A British tribal leader or king of the first century BC, the ruler of the tribe of the Catuvellauni whose territory lay along the banks of the river Thames and who led the British resistance against the incursions of the Romans under Julius Caesar in 55 and 54 BC.

Prior to Caesar's invasions Cassivellaunus was busy spreading his authority over southern Britain; he had invaded the neighbouring territory of the Trinovantes (who essentially occupied what is now Essex), killed their king Imanuentius whose son Mandubratius promptly fled and sought refuge under the protection of Julius Caesar. The pretext of restoring Mandubratius was the excuse that lay behind both of Caesar's invasions.

One theory is that the name 'Cassivellaunus' should be translated as 'Vellaunus of the Cassi' (since, whereas Julius Caesar does not mention a tribe by the name of the Catuvellauni he does mention a tribe by the name of the Cassi) with Vellanus either being a personal name or a word meaning ruler. It could therefore be the case that the tribal name Catuvellauni is itself derived from the same source and means 'warband of Vellaunus' and indicates the possibility that this Vellaunus was a Brythonic warlord carving out his own kingdom in pre-Roman Britain and that the Catuvellauni was a tribal federation of his own making.

In any event Julius Caesar tells us in his De Bello Gallico when speaking if the opposition to his advance that the British tribes had "... by common consent ... entrusted the supreme command and conduct of the campaign to Cassivellaunus". Julius Caesar defeated Cassivellaunus' forces in a battle fought on the banks of the Thames and then chased him back to his stronghold. The Romans then stormed this stronghold 1 forcing Cassivellaunus to flee and sue for peace, which was granted by Caesar in return for providing the usual hostages and the payment of an annual tribute.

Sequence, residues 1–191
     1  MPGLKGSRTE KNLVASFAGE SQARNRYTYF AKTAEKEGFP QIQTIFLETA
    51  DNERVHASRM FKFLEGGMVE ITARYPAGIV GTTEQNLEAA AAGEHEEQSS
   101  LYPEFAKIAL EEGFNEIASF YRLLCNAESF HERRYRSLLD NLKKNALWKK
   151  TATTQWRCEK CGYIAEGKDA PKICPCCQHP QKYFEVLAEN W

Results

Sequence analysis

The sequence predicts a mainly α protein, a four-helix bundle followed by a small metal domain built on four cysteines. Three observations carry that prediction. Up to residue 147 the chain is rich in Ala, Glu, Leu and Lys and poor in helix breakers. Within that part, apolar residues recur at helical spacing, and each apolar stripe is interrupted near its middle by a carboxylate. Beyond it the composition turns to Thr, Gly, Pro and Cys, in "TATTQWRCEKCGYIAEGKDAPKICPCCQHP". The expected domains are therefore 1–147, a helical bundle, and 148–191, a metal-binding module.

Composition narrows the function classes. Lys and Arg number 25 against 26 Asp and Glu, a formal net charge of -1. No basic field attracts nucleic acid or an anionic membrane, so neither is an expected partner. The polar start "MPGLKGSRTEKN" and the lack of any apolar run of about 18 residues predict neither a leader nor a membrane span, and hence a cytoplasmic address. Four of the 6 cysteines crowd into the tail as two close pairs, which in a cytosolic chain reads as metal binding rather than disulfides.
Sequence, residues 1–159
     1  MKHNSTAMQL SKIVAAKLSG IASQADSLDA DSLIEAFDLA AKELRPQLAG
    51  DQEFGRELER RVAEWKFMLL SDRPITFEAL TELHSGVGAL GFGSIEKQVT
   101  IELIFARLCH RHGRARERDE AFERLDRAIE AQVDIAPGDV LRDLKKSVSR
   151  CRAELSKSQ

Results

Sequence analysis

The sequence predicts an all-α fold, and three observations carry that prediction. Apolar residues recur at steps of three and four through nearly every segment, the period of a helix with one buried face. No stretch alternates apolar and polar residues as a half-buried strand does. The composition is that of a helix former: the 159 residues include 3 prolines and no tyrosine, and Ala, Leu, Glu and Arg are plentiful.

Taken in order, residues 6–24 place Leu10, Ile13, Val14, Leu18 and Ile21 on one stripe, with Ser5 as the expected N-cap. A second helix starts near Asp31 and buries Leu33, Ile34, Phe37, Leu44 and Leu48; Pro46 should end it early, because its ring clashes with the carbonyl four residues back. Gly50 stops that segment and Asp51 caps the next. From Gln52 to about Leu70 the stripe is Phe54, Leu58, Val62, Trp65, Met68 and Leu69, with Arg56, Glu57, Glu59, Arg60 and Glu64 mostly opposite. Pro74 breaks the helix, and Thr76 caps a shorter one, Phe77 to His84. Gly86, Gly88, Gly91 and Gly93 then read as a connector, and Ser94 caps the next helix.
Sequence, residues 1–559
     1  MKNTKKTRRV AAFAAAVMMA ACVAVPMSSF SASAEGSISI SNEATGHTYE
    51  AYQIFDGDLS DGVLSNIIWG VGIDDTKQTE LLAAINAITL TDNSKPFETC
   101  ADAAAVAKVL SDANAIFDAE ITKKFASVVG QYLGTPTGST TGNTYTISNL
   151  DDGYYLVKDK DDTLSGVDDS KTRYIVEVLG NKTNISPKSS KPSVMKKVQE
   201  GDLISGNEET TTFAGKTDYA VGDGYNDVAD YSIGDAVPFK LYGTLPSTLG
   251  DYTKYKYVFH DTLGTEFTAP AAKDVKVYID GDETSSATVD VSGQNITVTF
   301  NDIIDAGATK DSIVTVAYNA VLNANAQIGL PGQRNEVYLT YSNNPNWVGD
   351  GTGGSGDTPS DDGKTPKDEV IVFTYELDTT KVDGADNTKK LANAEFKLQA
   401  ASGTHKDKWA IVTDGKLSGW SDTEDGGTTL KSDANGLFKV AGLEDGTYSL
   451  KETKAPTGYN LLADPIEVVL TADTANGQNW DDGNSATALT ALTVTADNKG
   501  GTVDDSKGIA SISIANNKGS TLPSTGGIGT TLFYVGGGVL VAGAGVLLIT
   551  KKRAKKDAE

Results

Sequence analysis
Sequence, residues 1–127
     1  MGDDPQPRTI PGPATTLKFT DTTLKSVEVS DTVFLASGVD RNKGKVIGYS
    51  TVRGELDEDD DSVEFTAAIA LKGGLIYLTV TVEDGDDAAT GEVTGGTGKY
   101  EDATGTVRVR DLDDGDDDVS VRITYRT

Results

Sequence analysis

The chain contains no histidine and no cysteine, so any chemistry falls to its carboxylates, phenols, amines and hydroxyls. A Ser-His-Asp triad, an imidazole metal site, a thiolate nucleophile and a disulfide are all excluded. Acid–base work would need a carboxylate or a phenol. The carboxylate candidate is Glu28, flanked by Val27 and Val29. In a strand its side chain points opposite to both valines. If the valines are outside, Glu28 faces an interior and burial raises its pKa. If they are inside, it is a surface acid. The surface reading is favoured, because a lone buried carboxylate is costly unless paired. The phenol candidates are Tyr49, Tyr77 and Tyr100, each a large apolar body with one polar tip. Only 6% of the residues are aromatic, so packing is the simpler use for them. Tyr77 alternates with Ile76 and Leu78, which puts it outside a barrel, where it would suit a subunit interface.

Cassivellaunus died in around 30 BC, the name of his successor is not known. 2 In Welsh tradition, his name is preserved as Caswallon or sometimes Caswallawn and appears in the odd triad here and there.


1 The location of which is not known, but informed opinion suggests Wheathamstead in Hertfordshire.

2 Probably on of his sons who died in around 20 BC bequeathing the Catuvellaunian kingdom to his son Tasciovanus.

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